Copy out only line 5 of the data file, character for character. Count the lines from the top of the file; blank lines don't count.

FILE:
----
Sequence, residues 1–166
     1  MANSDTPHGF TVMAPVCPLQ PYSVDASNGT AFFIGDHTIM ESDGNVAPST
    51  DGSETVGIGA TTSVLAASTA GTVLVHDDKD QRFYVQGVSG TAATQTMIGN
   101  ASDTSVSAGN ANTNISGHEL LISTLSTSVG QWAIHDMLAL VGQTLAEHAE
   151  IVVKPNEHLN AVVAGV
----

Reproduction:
   151  IVVKPNEHLN AVVAGV